As a Religious Brother, I consecrated myself through the profession of the vows of poverty, chastity and obedience, and I have lived a wonderful life of communal prayer and witnesses to God’s love and presence in my life by serving in a number of creative ministerial opportunities. Thanks to the support of my brothers in my Franciscan community, I have been a high school teacher, a vocation director and a formation director. For our Franciscan community, I have served on our Leadership Team and been a university campus minister and a spiritual director. I was also fortunate to be the founder of a year-long, non-profit volunteer service program for young adults (FrancisCorps). God has certainly been good to Jim Moore! Religious Brothers are called to be brothers to Jesus, and therefore deeply united with Him in brotherly service to others. I hope and pray others join me in this amazing vocation. To me, St. Francis of Assisi is the perfect example of Religious Brotherhood. He is my role model, my friend, my brother.

If you are interested in Franciscan Life,
please contact our Vocation Director, Fr. Russell Governale, OFM Conv.:
vocations@olaprovince.org.,
www.franciscans.org,
@conventuals1223,
or call 718- 510-5822.

 

Vocation Corner

Presently, we have eleven men in various stages of active discernment for our Province.  Please pray for them as they continue to listen to God’s voice in their hearts.  They are good men who want to follow Jesus, according to His will.
In order to foster vocations, our friars are planning to institute a “vocation corner” in the bulletins of our parishes, schools and other ministries. Our friars plan to fill those “corners” with personal vocation stories. Fittingly, we begin this series with the Vocation Story of our own Vocation Director, Fr. Russell Governale, OFM Conv.:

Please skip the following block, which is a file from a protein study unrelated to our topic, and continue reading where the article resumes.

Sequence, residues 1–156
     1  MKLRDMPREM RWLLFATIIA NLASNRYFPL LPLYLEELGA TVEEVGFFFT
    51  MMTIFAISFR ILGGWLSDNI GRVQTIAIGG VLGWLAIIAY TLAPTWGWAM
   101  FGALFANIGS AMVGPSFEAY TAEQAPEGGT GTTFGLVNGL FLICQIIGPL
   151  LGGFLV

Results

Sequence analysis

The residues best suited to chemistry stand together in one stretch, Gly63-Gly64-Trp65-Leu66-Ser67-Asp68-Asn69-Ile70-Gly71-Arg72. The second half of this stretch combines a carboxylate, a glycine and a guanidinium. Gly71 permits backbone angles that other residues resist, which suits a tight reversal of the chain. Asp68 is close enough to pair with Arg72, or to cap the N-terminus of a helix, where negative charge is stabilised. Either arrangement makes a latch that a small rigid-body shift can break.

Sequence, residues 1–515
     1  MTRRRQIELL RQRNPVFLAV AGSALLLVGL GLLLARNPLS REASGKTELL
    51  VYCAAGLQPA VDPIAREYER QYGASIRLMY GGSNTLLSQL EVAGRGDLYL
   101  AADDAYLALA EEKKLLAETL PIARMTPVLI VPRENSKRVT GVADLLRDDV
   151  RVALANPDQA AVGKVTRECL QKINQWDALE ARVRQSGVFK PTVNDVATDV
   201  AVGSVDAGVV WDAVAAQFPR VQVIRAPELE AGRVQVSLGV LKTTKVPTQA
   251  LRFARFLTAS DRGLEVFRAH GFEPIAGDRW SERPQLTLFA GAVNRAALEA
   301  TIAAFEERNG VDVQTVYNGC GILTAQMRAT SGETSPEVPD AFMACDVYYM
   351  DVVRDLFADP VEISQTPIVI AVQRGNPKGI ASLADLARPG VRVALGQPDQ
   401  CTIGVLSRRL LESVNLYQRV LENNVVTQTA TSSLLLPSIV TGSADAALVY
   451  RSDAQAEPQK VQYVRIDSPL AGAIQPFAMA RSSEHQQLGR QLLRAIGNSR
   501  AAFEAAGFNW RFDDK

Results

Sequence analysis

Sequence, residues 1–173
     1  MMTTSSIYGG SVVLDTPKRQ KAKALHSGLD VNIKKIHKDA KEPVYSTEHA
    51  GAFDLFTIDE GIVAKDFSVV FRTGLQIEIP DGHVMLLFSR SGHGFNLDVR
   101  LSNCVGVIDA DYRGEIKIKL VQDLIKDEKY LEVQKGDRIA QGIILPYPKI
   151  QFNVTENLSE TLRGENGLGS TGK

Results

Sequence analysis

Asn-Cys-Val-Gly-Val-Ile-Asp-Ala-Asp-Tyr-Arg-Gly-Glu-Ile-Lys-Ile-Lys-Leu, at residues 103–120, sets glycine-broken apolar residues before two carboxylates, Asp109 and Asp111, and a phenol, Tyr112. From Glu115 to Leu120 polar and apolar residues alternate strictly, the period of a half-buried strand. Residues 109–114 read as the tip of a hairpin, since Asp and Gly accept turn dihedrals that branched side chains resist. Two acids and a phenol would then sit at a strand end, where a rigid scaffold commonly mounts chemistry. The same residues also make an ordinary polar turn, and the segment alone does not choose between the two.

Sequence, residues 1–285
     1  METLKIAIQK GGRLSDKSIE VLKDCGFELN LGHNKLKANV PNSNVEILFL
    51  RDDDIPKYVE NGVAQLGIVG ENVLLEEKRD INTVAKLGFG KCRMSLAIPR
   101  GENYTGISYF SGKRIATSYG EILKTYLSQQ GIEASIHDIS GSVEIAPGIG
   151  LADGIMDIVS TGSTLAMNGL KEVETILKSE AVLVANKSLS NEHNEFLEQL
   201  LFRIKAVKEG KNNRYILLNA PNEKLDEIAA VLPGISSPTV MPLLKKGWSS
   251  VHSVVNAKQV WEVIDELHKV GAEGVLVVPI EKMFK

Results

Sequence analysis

Vocation Story ~ Friar Russell Governale, OFM Conv.
As a High School student growing up in Brooklyn, NY, I felt the desire to serve God and God’s people. I wanted to help others to grow and live better. This was prior to the existence of the internet, so as I prayed and considered the possibility of becoming a priest, I began to cut out ads from our Diocesan Catholic Newspaper and send them to different Religious Orders to obtain information about them. That was “surfing” in the 70s.
I received quite a bit of mail and upon receiving the information from the Franciscan Friars Conventual, I was moved by their simplicity of life and the number of young men who were joining them. I decided to visit the seminary in Massachusetts and the Novitiate in Maryland. The joy, youth and excitement of the friars— young and old — attracted me.
As I discerned, I thought, “Let me give it a try for a year!”